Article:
Mr. MacEntee: He will get more of it before this Bill becomes law and the people who are interested in this industry, the real people, the greyhound owners and breeders, are taking notice of what the Minister is doing. However, as I have said, we did not oppose this Bill on Second Reading because we had some hope that the Minister would be prepared to discuss the Bill in a reasonable way, would be prepared to take into consideration the report of his own Advisory Committee, and that the Bill would be amended in this House in such manner as would make it acceptable to both sides and to a majority of those interested in the greyhound industry. The Minister has not seen his way to do that and therefore we have, as the Minister has reminded us, fought this Bill tooth and nail in the hope that we might——
An Leas-Cheann Comhairle: The Deputy is again referring to the provisions of the Bill. They do not arise on the Schedule.
Mr. MacEntee: We were prepared to meet the Minister and discuss the Schedule in a reasonable way, but, instead of our efforts being appreciated, the Minister has had the audacity to get up here and make a virulent personal attack upon the members of the  Opposition who are only doing a public duty in order to ensure that the evils, which have vitiated this sport, will be rooted out and will not again be replanted by the Minister's nominees.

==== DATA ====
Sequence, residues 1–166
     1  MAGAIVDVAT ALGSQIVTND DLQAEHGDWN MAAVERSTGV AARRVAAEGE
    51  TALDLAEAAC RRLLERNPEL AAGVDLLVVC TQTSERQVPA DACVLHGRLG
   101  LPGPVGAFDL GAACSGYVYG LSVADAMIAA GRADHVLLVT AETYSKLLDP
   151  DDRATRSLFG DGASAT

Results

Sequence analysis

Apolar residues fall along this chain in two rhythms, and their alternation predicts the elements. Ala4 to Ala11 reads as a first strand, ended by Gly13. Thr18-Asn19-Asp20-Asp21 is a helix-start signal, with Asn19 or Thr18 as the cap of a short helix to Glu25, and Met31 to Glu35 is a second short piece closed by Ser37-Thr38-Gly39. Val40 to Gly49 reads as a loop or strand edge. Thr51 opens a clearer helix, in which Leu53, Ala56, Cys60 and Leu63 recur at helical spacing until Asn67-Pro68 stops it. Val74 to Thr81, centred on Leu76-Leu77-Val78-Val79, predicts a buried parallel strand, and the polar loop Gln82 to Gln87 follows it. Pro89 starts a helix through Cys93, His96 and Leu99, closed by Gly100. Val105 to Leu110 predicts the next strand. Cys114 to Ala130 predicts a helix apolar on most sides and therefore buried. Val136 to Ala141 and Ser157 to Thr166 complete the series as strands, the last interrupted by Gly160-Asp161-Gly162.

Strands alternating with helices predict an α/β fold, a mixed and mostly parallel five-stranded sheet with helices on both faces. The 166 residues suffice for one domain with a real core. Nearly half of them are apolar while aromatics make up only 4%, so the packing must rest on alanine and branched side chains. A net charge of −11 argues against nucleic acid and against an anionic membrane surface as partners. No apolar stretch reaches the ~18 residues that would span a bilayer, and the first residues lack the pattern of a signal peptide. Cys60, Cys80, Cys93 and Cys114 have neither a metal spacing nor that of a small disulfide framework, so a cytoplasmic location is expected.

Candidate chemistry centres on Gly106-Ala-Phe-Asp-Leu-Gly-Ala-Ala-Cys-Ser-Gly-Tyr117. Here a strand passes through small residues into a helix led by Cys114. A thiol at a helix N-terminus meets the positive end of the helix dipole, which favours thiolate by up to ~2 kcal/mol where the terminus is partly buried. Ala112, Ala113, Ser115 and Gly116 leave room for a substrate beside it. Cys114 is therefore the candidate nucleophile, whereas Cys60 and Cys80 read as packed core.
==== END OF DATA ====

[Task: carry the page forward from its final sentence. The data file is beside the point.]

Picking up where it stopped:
Question put and agreed to.
Title agreed to.
Bill reported with amendments.
An Leas-Cheann Comhairle: When is it proposed to take the Report Stage?
Mr. Dillon: I take it Deputies would like some time.
Mr. MacEntee: We would.
Mr. Dillon: Shall we say the first sitting day next session?
Mr. MacEntee: Yes, but we should like the Minister to put in his amendments as soon as possible. We do not want to be cluttering up the Order Paper unnecessarily. We have a number of amendments which we might put down, but, if the Minister is disposed to meet us in regard to any of them, it would facilitate discussion and shorten matters if the Minister would put down his own views first.
Mr. Dillon: I shall do my utmost to have the amendments in the hands of Deputies as soon as possible. I shall be grateful to Deputies, who are concerned to put down amendments of their own, if they will make them available to me as soon as convenient.
An Leas-Cheann Comhairle: It is necessary to fix a date for the Report Stage.
Mr. Dillon: Shall we say 13th February next?
Report Stage ordered for Wednesday, 13th February, 1957.
The Dáil adjourned at 8.10 p.m. until 3 p.m. on Wednesday, 14th November, 1956.
Mr. M.J. O'Higgins: asked the Minister for Lands if he will state in respect of each financial year since 1932-33 the amount of money provided in the Vote for Forestry under the following heads: (a) acquisition of land, (b) forest development and maintenance, etc., and (c) timber conversion.
Minister for Lands (Mr. Blowick): The information requested is set out in the following table:—
FORESTRY VOTE (INCLUDING PROVISION IN SUPPLEMENTARY ESTIMATES).
|Year||SUBHEAD C. 1 Acquisition of Land (Grant-in-Aid)||SUBHEAD C. 2 (See note (a)) Forest Development and Maintenance, etc.||SUBHEAD C. 3 (See note (b)) Timber conversion|
NOTES: (a) Up to 1949/50 (inclusive) Subhead C. 2. embraced all forestry field operations including timber conversion in the forests.
Up to 1946/47 (inclusive) the Subhead also included provision for salaries, wages and allowances of Foresters, Forest Foremen, etc.
(b) Up to 1949/50 (inclusive) Subhead C. 3. applied only to the operations of the Department's fixed sawmills; from 1950/51 onwards the Subhead included provision for timber conversion in State Forests.